Suez Canal

  • The Suez Canal Authority is presently engaged on a two-phase development p r o j e c t which, if completed, will involve the expenditure of at least $1,200 million over the next six to seven years. Roughly half of this amount is to be financed from Egypt's reserves of foreign currency, and to date the Canal Authority has negotiated $503.3 million in foreign loans. Can such expenditure be justified? "The Suez Canal and its Impact on Tanker Trades and Economics," No. 62 in a series of shipping studies issued by HPD Shipping Publications, in considering this question, raises serious grounds for doubt.

    In the study, the volume and distribution of tanker traffic through the Canal at the height of its popularity in 1966—the last full year before the waterway was closed due to the Middle East war—is contrasted with that following the reopening of the Canal in 1975.

    The contrast is as startling as it is informative: In 1966, it is estimated that of the total potential volume of oil available to be routedvia the Canal, 74 percent (or 175.6 million tons out of a total potential trade of 236.6 million tons) actually transited via Suez. By comparison, in 1976 just 5 percent of all inter-area oil movements potentially available for movement via the waterway actually used this route.

    In terms of distribution, the pre- and post-closure figures are equally revealing. The Arabian Gulf to Southern European and Mediterranean route has now superseded the Gulf to Northern Europe route as the major trade for tankers using the Canal. Indeed, from a tracking analysis, it has been estimated that Southern European and Mediterranean destinations now account for 70 percent of all northbound oil tonnage transiting the Canal.

    This reordering of the volume and distribution of oil traffic through the Canal reflects the enforced changes in the world tanker fleet structure following the 1967 closure. At that time, 95 percent of the tanker fleet were able to transit the Canal in a full or part-laden condition, with 72 percent capable of fully laden transits. Today, only 17 percent of the fleet can use the Canal in a fully laden condition, and the economies of scale offered by the use of VLCC and ULCC tonnage utilizing the Cape route has seriously undermined the competitiveness of the Canal, with its present draft restrictions.

    The proposed development of the Canal, intended to be completed by 1983-84, will eventually allow the passage of 260,000-dwt tankers fully laden, with tankers of 300,000 dwt able to transit part-laden. On the basis of the existing fleet and newbuildings planned for delivery by 1980, these improvements will allow 66 percent of the tanker fleet to transit the Canal fully laden.

    However, as the detailed costing analysis contained in the study demonstrates, where there is a way there may not always be a will.

    The economic analysis in the study embraces several ship sizes, with their transportation costs calculated both on the underlying cost of ship operations and on the rates prevailing in the market (both a "low" and "high" market position are considered). The analysis concludes that the economic benefits resulting from the use of Suez rather than the Cape depend upon the major variables of tanker size, the distance saved by using the Canal, and the level of rates in the tanker market.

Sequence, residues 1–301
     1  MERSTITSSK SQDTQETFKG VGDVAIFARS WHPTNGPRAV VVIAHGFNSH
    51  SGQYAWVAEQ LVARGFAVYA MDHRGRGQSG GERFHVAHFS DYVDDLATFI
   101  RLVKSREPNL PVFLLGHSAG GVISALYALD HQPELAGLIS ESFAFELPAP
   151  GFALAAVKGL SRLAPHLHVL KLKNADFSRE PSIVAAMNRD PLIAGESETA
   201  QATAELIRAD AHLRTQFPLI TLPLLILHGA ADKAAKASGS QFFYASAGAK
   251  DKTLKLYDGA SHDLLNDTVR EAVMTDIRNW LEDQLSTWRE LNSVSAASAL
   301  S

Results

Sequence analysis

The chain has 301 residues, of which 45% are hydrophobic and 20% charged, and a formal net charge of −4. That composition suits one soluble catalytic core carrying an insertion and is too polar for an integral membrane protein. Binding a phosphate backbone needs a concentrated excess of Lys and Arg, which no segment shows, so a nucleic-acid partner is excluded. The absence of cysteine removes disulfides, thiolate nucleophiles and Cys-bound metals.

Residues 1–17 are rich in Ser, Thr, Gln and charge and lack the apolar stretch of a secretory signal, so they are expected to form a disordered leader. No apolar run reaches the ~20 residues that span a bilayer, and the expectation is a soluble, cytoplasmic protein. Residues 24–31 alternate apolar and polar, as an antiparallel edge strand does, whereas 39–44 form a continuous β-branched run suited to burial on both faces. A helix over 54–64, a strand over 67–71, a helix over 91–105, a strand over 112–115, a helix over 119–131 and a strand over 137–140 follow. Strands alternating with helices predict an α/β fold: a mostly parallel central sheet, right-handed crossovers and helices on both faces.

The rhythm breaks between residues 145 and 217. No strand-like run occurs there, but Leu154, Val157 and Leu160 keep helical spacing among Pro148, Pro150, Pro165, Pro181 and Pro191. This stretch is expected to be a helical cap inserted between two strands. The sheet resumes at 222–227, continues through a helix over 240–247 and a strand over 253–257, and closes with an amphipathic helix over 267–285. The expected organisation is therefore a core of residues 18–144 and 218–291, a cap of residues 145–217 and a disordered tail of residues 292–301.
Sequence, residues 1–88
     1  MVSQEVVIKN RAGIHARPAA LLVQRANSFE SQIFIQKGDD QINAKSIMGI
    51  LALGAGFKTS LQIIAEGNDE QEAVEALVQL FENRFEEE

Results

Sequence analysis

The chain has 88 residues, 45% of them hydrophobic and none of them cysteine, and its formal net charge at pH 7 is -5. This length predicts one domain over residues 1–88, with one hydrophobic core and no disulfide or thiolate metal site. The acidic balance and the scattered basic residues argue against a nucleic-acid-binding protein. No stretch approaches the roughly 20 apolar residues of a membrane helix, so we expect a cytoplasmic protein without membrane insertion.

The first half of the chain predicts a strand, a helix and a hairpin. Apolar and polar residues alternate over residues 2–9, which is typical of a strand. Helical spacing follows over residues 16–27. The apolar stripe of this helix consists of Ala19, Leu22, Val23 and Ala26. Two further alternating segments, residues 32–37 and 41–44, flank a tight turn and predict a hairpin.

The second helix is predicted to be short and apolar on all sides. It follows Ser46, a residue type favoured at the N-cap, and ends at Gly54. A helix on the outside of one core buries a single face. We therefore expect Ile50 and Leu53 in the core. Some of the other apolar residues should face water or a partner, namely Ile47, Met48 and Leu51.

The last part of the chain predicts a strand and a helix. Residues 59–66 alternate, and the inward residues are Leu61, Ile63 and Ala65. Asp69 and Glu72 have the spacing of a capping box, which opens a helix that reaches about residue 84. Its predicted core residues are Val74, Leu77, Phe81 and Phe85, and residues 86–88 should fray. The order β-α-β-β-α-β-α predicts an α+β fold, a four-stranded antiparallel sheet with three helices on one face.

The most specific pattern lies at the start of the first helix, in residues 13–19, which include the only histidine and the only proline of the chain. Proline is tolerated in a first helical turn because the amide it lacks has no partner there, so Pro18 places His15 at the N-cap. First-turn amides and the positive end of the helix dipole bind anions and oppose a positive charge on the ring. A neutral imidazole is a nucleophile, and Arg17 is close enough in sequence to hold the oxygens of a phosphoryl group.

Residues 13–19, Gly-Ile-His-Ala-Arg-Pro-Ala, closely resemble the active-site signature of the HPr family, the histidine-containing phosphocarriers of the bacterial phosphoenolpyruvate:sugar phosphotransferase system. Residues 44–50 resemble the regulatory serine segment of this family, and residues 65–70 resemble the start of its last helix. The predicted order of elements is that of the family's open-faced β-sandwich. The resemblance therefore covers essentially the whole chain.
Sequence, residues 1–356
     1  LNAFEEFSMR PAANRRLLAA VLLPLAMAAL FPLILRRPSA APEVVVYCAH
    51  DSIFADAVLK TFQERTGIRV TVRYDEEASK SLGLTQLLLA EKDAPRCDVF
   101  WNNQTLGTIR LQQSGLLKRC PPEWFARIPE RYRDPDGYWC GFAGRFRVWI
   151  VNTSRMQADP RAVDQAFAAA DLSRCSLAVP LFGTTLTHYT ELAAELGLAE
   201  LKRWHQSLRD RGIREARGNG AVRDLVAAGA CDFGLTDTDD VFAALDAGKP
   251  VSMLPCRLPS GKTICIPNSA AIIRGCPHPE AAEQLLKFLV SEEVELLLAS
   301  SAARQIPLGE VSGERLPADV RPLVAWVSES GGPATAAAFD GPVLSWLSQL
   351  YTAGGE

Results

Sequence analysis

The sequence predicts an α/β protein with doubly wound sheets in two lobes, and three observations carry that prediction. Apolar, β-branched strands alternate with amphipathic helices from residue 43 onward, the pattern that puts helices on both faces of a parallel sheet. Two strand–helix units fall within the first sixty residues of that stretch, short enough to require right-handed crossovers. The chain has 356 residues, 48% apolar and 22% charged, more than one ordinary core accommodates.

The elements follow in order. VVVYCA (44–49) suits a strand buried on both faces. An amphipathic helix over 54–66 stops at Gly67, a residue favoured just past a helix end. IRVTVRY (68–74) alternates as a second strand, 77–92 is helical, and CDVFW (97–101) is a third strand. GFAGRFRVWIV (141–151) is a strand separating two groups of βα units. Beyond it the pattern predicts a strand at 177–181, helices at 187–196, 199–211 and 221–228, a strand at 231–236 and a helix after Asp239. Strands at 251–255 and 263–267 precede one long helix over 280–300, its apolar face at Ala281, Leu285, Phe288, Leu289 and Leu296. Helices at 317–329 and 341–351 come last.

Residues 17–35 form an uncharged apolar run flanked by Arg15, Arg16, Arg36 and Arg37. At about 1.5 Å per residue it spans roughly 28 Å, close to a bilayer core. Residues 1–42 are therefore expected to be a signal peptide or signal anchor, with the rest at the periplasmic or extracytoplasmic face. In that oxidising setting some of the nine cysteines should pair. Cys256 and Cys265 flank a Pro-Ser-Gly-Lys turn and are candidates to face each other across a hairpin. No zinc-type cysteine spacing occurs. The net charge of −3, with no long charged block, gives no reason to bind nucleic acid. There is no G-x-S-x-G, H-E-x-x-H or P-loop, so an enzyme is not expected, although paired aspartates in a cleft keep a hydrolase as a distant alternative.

With the present tanker surplus in excess of 100 million dwt, the planned expansion of the Canal would serve only to prolong the disequilibrium between tanker supply and demand, and so extend the period of low tanker freight rates. In such a market situation, the ability to attract large tonnage through the Canal would depend on the Authority's willingness to accept a low level of Canal dues. The existence of the SUMED pipeline (considered in the study) further complicates the issue by detracting from the total potential traffic available for the Canal.

    In view of these comments, it is open to doubt whether Phase Two of the Suez expansion scheme makes any economic sense, and whether such a development can ever generate the revenues needed to pay for its costs. Both the Egyptian national economy, and the world tanker industry might be better served by the abandonment of all Suez expansion after the work now in hand has been completed.

    "The Suez Canal and its Impact on Tanker Trades and Economics," No. 62 in a series of reports on various aspects of shipping, prepared by the Research Division of HPD Shipping Publications, 34 Brook Street, Mayfair, London W1Y 2LL, England, is available at a single copy rate of U.S. $85 (all overseas orders) or £35 (U.K. only) or on a subscription basis U.S. $325 (all overseas orders) or £135 (U.K. only) for the series 61- 70.

  • Candia, the Piraeus-based shipping organization that has, during the past four years, gained international recognition for its Suez Canal Transiting Service, has just opened a branch office in New York City. The firm has been offering its services to American shipping operators for several years

  • Following the recent announcement by Suez Canal authorities that new beam and draft regulations have gone into effect for the 120-mile waterway, a circular giving specifics is available from Candia Shipping (USA), Inc. as a service to the U.S. shipping industry. "As a major specialist in attending

  • in slot capacity than the biggest cellular vessels ordered to date, the envisaged Ultra Large Container Ship (ULCS) would be able to transit the Suez Canal I and access key ports. LR considers that there are no insurmountable technical challenges to I vessels of 12,500 TEU, and believes that it

  • the Pacific Ocean passing close to Hawaii, through the Philippines an the East Indies, across the Indian Ocean and up the Red Sea, through the Suez Canal and then across the Mediterranean and the Atlantic. Preparations are currently underway at the shipyard for the dock, which is expected to be